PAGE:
Материал (01 септември 2010)

Liebert
Emerson Power Network

Data Center Space Optimization: Power and Cooling Strategies to Optimize Space in the Controlled Environment

Summary

With data center rack densities increasing exponentially and blade servers promising to push them much higher faster than many expected, IT managers are facing difficult decisions regarding critical system infrastructure.

System densities are now the main driver of data center space requirements. Newer highdensity systems may have smaller footprints than the systems they replace, but they require more support in terms of power protection and cooling. As a result, many organizations find themselves facing a difficult decision – expand their data center facilities or limit their adoption of new technology.

Fortunately, a third alternative exists: re-evaluate support system design in light of the increasing pressure on data center space. There are several steps that can be taken to reduce the impact of power systems on the data center, while new approaches to cooling enable existing space to accommodate a greater number of high density racks.

Increasing Pressure on the Data Center

[Note: One of the ways data center managers are dealing with this situation is to increase rack spacing, essentially distributing the heat from the equipment over a larger space. This is, at best, an interim solution.]

Technology compaction is enabling equipment manufacturers to deliver more and more processing power in less and less space. The resulting “high density” systems consume increasing amounts of power and generate correspondingly high amounts of heat.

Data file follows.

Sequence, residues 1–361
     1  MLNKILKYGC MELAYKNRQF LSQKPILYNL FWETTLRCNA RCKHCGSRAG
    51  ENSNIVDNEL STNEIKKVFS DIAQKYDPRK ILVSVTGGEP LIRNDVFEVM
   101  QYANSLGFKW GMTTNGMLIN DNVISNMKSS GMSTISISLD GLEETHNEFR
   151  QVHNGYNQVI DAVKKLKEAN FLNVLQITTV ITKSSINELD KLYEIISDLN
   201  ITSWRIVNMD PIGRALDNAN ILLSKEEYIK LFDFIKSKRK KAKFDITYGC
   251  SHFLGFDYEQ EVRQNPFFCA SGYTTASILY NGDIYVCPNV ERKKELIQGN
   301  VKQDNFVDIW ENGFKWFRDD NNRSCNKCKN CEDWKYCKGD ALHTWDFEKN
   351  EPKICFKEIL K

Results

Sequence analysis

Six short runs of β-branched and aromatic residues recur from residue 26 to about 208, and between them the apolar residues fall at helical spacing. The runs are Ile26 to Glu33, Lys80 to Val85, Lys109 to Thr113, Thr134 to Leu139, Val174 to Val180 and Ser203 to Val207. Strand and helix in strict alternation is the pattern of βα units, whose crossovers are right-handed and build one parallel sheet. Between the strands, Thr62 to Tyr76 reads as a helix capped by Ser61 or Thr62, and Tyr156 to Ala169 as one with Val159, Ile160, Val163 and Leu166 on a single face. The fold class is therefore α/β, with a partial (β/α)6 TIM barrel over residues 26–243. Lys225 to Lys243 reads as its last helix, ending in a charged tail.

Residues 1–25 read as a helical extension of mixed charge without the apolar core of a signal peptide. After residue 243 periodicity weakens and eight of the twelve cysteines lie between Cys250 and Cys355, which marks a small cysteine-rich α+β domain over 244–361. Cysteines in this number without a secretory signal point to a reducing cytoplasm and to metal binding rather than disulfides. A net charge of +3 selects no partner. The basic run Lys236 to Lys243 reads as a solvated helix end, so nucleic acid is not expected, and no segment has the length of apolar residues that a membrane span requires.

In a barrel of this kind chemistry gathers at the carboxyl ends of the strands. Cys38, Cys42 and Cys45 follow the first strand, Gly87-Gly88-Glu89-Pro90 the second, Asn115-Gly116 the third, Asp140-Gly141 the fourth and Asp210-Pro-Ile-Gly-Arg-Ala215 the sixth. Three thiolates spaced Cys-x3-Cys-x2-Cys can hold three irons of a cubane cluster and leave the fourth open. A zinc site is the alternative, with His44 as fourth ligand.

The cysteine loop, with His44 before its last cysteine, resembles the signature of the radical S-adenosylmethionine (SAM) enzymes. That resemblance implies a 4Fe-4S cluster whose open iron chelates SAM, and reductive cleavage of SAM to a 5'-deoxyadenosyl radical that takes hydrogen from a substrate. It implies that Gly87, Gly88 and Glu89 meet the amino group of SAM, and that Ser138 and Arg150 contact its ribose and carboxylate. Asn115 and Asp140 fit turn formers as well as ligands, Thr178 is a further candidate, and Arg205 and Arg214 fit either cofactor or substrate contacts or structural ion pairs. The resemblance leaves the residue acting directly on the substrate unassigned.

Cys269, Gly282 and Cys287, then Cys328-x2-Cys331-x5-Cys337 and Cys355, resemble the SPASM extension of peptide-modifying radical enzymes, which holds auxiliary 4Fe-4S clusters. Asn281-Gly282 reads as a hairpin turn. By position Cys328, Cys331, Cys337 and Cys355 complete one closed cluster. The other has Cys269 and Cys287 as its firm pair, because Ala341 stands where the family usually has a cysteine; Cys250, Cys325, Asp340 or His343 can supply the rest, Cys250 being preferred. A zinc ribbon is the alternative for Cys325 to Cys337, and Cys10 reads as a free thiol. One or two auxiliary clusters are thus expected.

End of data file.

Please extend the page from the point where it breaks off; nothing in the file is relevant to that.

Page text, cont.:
The impact of this trend on data center space utilization has taken some organizations by surprise. After all, shouldn’t smaller, more compact systems consume less space?

The answer, unfortunately, is no. Smaller footprints do not necessarily translate into reduced space requirements because performance increases have primarily been achieved by packing more transistors operating at faster speeds into smaller processors. This results in increased free-space requirements to remove the concentrated heat.

For example, the Intel Pentium 3 processor, introduced in 2000, had 28,100,000 transistors and a 1GHz clock speed, creating a maximum power consumption of 26 Watts. The Pentium 4, released just two years later, had almost twice as many transistors and three times the clock speed (55,000,000 transistors with a speed of 3Ghz), creating a maximum power consumption of 83 Watts. So, while a Pentium 4-based system may have the same footprint as a Pentium 3-based system, it consumes significantly more power and generates more heat.